Site design: Skeleton
Sample Poems by Karen Head
to what you imagine I know
to memories you do not have—
me lying beside Settindown Creek
before the cotton mill’s wheel
began churning the water
before the white man
stole me from the past
and built the covered bridge
before I was old enough
to know my Cherokee name
formed from dancing spirits
that call me on the wind.
Even without memory,
I knew I should never
cut my hair—
so I grew it past the hips
that birthed a line to you
kept it in two tight braids
I would tie together
across my waist
the ends hanging loose
between my legs
thickly woven, separate lives.
I do not remember
how I learned
a cup and saucer
filled with well-water
balanced on my head
how I managed
not to spill anything
why I did it the first time
why I continued.
My Christian name
was a mistake
a misspelling of Esther,
another foreign bride.
She knew her real name—
Hadassah was careful
about revealing herself
but had memories, choices—
I did not marry a king
could not save my people.
When you dance, child,
do you feel me?
I’ve watched you
it is me you hear,
my cup tipping over,
whispering a new name
for the rhythms
you cannot resist.
Part of the Bargain
“Take a shiny quarter for it?”
She clutched my left ring finger
caressing the wart I wanted rid of.
She had an eye twitch
as if a rapid wink had possessed her.
I couldn’t imagine why
this old crone would want my wart
how exactly she would get it,
but I was thirteen and desperate,
tired of the cute boys, ugly ones too,
saying I was out kissing frogs,
calling me a witch.
So, when Granny offered
to sneak me over to the conjure woman
while my mama was running errands
I was game, eager even,
just didn’t realize I’d be selling
a part of myself.
Standing there on that back porch
overhanging a creek,
I could hear the croaking
as I took the quarter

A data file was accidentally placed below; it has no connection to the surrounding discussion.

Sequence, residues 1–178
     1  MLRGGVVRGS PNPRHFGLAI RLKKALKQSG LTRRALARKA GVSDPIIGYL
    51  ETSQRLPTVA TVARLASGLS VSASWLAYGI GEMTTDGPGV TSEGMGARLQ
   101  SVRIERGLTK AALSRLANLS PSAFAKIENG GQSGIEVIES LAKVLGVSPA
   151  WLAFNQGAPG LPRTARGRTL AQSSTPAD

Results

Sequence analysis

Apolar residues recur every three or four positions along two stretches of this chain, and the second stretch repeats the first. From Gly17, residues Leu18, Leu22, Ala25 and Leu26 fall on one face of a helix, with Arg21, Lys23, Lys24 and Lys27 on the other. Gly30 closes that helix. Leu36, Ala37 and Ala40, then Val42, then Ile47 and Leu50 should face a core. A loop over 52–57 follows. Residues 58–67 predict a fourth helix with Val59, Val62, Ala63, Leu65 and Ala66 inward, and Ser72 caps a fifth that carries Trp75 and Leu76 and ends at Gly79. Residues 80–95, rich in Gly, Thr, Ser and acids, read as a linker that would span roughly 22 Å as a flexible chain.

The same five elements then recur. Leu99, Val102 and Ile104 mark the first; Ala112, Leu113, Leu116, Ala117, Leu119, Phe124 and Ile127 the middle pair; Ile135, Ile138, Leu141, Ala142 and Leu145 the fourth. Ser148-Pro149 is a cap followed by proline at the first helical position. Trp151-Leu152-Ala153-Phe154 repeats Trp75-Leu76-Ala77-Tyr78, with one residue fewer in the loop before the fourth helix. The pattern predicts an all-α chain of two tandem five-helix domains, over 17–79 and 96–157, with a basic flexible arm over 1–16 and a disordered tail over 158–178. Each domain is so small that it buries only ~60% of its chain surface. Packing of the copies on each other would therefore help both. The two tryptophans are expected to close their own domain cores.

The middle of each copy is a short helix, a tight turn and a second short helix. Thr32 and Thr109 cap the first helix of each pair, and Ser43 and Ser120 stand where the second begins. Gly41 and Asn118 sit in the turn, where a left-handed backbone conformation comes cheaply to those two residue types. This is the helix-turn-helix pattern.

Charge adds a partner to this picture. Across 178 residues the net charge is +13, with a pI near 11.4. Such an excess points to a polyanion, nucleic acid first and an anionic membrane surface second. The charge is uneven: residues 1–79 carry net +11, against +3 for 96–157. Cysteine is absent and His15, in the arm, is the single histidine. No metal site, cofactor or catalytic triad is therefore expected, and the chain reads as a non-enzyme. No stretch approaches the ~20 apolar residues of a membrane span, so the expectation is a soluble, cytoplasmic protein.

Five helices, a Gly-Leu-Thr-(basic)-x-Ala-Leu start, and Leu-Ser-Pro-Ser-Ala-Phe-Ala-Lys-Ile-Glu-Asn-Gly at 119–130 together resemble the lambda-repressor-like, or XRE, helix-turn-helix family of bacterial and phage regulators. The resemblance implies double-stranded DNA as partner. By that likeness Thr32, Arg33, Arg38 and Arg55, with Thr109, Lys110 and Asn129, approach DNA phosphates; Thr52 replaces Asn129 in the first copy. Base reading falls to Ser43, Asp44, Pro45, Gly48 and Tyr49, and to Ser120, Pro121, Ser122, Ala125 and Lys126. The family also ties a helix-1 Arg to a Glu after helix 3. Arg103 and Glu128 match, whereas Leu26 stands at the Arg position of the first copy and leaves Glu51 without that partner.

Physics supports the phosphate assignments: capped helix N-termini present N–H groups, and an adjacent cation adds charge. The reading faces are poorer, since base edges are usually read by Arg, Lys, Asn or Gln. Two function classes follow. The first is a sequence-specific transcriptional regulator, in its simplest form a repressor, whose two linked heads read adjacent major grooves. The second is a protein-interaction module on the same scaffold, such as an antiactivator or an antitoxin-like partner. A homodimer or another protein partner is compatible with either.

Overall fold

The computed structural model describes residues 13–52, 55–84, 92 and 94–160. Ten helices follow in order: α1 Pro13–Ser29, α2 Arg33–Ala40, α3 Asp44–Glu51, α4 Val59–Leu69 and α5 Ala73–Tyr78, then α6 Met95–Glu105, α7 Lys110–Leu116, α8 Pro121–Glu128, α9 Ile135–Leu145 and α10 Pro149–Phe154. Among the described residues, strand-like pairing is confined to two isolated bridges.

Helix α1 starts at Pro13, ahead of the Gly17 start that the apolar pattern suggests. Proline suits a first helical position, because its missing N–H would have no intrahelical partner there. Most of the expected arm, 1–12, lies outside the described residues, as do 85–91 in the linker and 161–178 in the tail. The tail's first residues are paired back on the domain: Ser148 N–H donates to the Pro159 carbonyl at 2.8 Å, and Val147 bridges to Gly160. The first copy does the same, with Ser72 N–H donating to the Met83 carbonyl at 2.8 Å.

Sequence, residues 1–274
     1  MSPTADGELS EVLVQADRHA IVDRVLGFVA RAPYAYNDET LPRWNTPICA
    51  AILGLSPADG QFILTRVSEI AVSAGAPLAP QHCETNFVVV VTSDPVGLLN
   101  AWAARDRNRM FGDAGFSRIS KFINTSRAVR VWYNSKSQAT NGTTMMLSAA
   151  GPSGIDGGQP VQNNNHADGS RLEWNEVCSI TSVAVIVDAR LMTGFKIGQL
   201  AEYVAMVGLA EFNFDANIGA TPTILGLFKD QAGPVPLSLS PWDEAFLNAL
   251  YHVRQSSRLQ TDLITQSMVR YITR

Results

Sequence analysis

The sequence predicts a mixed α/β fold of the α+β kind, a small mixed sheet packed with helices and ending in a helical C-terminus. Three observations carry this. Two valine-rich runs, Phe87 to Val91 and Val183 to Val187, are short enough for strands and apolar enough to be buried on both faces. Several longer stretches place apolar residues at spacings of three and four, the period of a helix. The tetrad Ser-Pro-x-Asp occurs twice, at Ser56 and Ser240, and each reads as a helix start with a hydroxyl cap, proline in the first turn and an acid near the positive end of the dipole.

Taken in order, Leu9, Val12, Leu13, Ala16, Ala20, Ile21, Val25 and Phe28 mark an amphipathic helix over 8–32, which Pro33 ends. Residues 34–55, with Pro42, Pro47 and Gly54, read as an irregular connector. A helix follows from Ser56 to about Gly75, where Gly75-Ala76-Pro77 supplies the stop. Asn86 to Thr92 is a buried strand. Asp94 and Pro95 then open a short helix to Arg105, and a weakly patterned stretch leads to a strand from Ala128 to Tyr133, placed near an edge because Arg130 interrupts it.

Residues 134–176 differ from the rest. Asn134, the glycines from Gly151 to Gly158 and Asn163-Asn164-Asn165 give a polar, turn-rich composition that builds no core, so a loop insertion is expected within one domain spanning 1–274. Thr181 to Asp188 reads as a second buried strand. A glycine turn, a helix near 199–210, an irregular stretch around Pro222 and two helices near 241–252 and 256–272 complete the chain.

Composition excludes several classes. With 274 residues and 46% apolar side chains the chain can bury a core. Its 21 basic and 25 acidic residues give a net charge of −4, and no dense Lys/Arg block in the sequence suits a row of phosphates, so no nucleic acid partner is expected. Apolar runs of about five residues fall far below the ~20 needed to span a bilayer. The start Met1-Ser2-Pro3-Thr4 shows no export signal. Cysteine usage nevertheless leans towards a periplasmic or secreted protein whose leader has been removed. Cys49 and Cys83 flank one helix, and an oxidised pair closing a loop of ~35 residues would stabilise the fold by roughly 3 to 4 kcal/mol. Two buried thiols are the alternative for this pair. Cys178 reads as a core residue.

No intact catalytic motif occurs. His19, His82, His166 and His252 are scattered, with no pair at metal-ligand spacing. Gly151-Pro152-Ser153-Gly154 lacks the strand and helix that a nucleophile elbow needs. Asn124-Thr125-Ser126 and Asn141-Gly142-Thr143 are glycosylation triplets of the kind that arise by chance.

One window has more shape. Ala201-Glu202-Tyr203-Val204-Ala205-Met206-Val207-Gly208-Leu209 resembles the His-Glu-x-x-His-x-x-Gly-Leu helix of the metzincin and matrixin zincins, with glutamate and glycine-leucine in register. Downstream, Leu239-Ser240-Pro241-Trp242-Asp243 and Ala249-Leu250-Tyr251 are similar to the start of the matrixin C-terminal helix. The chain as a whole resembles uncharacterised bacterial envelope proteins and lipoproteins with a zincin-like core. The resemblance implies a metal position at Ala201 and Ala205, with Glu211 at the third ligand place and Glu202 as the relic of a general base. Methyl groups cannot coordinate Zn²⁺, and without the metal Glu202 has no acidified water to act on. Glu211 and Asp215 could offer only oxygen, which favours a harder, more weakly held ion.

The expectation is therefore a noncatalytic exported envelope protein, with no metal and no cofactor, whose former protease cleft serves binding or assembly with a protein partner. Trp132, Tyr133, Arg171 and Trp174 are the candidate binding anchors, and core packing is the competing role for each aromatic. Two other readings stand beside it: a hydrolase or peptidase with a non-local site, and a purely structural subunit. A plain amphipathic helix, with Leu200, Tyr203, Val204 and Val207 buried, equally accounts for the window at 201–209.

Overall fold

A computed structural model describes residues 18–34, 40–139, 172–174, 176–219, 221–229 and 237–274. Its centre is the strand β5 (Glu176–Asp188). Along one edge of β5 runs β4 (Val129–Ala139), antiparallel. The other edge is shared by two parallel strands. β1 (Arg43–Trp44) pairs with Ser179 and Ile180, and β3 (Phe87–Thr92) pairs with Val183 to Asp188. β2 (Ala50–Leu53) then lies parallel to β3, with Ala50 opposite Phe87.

and one last look at my wart.
“Belongs to me now, quit your looking.”
Her eye no longer twitched.
She turned back into her shack,
and Papa drove us home.
Next day, the wart was gone
and for the first time in my life
I felt I’d sold out,
gave away my magic for nearly nothing.
The best I can offer
is that my granny and papa
lived on a dead-end dirt road
in a single-wide trailer,
that one of Daddy’s sisters
accidentally drank rat poison
stored in an old green wine jug
after a night of cards and drinking,
that Mama and Daddy married,
sixteen and eighteen,
three weeks into his Army Basic Training
and no baby came for over a year,
that I was born on Peachtree Street—
Crawford Long Hospital, Atlanta, Georgia
six weeks early, four pounds,
nothing but wailing,
that I was baptized outside
Mt. Pisgah Baptist Church,
then blacklisted from membership
when I became a Catholic.
My life has been full of movement
one Army base to another—
opera in Stuttgart
schnapps at a Mississippi levee.
Hell, for me, has two syllables
and I’m always fixin’ to do something
so, you can imagine my surprise
when the doctor said, “Lupus,”
and I realized what was finally at my door.
"If you have any more children, you will die."
My brother's tiny hand wrapped
around my mother's index finger.
Staring into the doctor's eyes—
only seventeen, in a foreign country—
she agreed to have her tubes tied.
Ten years later they told her,
She dug her heels into the stirrups.
In America, she would not acquiesce.
Death almost took her.
With no recollection of my birth,
she was sent home alone
forced to leave me in an incubator
with those same nay-saying doctors.
I never suckled,
did not see my mother's breasts
until I was fairly grown,
until they sagged weighted
under years of being told no.
My mother never went to college,
did not have a public career.
She married at fifteen,
exhausting her individuality
the smoldering ruins of Atlanta
and a base near the Berlin Wall.
She was a good wife, a good mother.
But lately when I stare hard at her face,
I notice she is old.
When I encourage her to try new things
she smiles—her eyes glaze.
A couple of years ago she said,
"I don't think you will ever have children;
I want you to know I'm okay with that."
When I first began college, I didn't talk much,
thought she wouldn't understand.
Now, every morning, over coffee,
she telephones and I tell her
everything I learned the day before.